Baltimore general manager Ozzie Newsome rarely chases restricted free agents, but he made an exception with Snead this past offseason after it became apparent that the receiver's three-year run in New Orleans was done. One of Drew Brees' favorite targets in 2015 and 2016, Snead began last season with a three-game suspension for violating the NFL personal conduct policy. He then fought a hamstring injury and finished with just eight catches for 92 yards and no touchdowns.

Armed with a two-year, $10.4 million contract, Snead was delighted to arrive in Baltimore last April.

"Last year just left a really bitter taste in my mouth, the organization and how everything was handled," Snead said Tuesday. "To be a part of this organization was just a breath of fresh air. I wanted to go somewhere where I'm wanted."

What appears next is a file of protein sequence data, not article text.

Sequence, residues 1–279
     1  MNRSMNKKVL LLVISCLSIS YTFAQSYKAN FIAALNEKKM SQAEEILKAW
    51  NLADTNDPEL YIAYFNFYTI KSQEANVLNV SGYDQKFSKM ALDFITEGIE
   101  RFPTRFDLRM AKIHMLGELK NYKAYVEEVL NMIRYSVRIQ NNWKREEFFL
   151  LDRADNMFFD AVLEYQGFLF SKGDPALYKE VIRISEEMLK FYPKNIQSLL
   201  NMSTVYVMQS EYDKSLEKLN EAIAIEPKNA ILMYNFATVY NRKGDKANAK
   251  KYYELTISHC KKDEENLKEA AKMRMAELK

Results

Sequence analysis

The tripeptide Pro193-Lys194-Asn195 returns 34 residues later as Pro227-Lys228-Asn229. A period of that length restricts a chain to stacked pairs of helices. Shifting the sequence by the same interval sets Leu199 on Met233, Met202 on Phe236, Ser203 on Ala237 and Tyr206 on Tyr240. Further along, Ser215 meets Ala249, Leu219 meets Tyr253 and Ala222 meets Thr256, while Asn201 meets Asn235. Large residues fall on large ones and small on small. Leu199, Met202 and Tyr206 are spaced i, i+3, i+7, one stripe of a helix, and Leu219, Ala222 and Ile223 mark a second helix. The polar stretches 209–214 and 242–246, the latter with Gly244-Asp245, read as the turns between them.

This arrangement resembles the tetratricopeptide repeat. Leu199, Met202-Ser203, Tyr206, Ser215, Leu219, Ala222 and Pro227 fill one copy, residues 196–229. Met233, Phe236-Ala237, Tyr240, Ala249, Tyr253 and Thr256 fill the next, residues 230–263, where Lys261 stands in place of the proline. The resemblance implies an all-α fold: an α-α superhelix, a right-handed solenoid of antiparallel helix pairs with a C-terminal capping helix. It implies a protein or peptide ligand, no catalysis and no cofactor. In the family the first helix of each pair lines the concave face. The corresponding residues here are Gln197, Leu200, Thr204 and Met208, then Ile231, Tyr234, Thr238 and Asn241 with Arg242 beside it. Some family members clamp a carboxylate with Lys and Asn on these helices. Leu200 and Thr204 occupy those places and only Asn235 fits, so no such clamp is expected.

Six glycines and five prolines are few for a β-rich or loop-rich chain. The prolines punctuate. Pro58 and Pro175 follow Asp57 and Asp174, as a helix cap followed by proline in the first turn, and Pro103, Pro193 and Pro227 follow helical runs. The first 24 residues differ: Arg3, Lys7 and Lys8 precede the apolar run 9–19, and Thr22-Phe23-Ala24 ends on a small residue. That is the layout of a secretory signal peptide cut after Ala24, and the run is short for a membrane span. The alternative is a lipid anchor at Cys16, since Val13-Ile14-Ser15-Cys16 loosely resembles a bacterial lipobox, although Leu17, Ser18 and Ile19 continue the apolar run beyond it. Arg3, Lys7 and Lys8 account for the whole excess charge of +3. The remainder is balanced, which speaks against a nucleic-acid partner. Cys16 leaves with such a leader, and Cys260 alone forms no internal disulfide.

It couldn't have worked out better for Snead -- and the Ravens.

"To see that you were right, to see all that come together and him play so well, being exactly what you thought you were going to get, is very rewarding," Harbaugh said.

Snead was one of three free agent receivers signed by Newsome in an effort to enhance a passing game that sputtered in 2017. Snead is the possession receiver, Michael Crabtree provides an outside threat and John Brown is the speedster.

Snead and Crabtree are tied for the team lead with 30 catches. Brown has 21 receptions for a team-high 424 yards and three touchdowns.

"I don't have the physical ability like John Brown to run by you, and I'm not big and strong like Michael Crabtree," Snead observed, "so I have to work harder than everybody else just to stand out."